Europe: Sending back the asylum seekers
European leaders were so smug in their condemnation of President Trump’s ban on migrants from seven mostly-Muslim countries, said Frédéric Bobin and Jean-Pierre Stroobants in Le Monde (France). “We don’t believe in walls or bans,” EU Foreign Minister Federica Mogherini proclaimed piously. Yet right now, the European Union is constructing a virtual wall against refugees. Having blocked one major migration route to Europe through last year’s deal with Turkey—under which Turkey agreed to house asylum seekers from Syria and elsewhere in exchange for cash and other perks—the EU is now cutting off a second key route. At a meeting in Malta this month, the bloc agreed to pay some $210 million to the Libyan government to seize and turn back the boats full of migrants that sail from its shore. Those desperate migrants, most from North Africa, are to be herded back into squalid camps inside Libya, where in theory their asylum claims will be assessed. It’s a farce. “How can Libya evaluate refugee status when it is not even a signatory to the Geneva Conventions?” Worse, the Libyan government exists “only on paper,” so its camps are run by militias. Refugees there are at risk of violence, rape, and starvation.
“The human rights situation in Libya is truly catastrophic,” said the Malta Independent (Malta) in an editorial, and it is unconscionable that Europe would condemn people to rot there. “Hypothetically, blocking people in Libya would prevent them from drowning” as they try to cross the Mediterranean to Europe, Doctors Without Borders tweeted. “In reality, it would condemn them to slow death.” Yet Europe has chosen to “shrink into a state of protectionism”— just like Trump’s America.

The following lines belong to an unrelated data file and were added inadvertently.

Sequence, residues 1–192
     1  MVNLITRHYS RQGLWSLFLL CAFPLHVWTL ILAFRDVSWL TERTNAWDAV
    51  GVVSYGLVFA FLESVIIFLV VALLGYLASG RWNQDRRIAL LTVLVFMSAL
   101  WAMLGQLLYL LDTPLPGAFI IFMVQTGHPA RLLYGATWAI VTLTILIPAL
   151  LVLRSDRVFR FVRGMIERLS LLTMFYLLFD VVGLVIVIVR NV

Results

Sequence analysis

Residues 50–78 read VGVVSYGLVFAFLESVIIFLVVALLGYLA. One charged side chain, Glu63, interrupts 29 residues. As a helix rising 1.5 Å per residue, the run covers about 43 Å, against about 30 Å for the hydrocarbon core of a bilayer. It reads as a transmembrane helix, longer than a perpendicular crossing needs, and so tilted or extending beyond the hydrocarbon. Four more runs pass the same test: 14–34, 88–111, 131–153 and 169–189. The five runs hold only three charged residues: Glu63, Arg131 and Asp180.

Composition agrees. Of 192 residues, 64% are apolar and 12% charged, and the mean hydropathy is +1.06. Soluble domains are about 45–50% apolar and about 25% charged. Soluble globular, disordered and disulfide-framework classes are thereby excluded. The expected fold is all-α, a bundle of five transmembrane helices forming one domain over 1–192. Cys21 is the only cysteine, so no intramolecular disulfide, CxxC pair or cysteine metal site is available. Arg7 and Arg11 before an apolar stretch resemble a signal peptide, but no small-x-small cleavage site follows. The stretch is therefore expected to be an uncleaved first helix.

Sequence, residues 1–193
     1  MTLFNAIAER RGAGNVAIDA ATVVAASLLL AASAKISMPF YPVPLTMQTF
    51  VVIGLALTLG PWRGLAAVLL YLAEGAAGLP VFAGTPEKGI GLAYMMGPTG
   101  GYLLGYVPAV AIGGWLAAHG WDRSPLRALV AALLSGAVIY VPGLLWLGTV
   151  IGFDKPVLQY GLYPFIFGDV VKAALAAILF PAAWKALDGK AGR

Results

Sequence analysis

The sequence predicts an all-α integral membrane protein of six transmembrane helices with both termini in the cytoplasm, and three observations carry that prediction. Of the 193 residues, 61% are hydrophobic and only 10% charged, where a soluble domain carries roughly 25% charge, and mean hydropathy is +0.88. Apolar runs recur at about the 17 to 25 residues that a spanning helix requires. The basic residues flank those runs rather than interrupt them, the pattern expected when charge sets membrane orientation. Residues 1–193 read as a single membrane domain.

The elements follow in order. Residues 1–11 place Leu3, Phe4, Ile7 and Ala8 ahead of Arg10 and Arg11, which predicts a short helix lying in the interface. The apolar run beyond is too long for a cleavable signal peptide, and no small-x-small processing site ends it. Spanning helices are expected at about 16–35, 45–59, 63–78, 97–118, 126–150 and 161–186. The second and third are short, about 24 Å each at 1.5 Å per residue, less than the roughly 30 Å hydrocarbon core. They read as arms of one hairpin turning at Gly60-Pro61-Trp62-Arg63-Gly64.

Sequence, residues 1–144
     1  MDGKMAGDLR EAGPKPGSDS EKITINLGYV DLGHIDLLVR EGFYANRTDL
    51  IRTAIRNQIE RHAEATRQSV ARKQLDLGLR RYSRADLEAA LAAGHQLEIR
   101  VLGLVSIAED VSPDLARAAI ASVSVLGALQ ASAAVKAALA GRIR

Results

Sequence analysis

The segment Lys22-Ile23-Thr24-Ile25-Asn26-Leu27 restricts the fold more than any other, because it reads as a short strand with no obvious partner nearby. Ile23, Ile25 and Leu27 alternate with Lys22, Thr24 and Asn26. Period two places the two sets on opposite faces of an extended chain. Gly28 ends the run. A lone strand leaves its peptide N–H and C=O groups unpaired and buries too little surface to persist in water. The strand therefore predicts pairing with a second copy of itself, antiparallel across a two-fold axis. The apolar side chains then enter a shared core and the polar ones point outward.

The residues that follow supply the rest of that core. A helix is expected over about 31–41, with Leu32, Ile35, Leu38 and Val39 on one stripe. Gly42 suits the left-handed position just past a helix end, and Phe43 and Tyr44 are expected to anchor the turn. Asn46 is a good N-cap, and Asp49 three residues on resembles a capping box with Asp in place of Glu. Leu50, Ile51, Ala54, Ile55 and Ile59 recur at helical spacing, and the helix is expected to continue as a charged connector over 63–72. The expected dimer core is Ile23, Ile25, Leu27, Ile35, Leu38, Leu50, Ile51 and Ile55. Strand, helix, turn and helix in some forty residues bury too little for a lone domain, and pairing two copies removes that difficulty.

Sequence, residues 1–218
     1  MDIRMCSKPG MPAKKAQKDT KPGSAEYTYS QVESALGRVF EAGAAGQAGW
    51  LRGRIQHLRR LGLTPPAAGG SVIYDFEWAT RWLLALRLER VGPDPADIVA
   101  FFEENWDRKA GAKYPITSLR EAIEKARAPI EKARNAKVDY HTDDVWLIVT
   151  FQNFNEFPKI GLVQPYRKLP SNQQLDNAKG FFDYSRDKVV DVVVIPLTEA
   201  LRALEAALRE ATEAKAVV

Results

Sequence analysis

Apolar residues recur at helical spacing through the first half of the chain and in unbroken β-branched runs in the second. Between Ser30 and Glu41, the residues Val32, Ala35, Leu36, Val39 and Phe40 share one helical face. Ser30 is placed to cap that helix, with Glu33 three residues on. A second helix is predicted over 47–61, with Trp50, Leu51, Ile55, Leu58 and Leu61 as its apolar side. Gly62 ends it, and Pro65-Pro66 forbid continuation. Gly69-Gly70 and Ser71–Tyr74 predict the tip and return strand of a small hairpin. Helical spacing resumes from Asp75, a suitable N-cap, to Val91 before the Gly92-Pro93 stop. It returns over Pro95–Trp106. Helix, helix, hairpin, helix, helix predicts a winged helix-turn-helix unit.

That’s because German Chancellor Angela Merkel is desperate, said Silke Kersting in Der Handelsblatt (Germany). Germany took in nearly 1 million asylum seekers in 2015 and some 300,000 more last year, and the backlash is growing. “Uncontrolled immigration must be stopped to prevent a further strengthening of right-wing populism in Europe.” This year will see elections in the Netherlands, France, and Germany, and all three countries have strong and growing far-right parties. Already, Merkel has changed her rhetoric from welcoming to stern, said The Times (U.K.). “For the next few months, what matters most is repatriation, repatriation, and more repatriation,” she said last week. She has set up deportation centers near airports, to quickly process and deport new arrivals who don’t qualify for asylum. To those who arrived in the human flood of 2015 and have little chance of qualifying, Merkel is offering cash incentives to self-deport.
Some migrants must go, certainly, said Heribert Prantl in the Süddeutsche Zeitung (Germany). But a policy that focuses solely on deportation “will have bitter consequences.” Europe must remember the golden rule: “Are we treating these people as we would like to be treated if we ourselves were refugees?” Clearly, condemning asylum seekers to Libyan hellholes fails that test.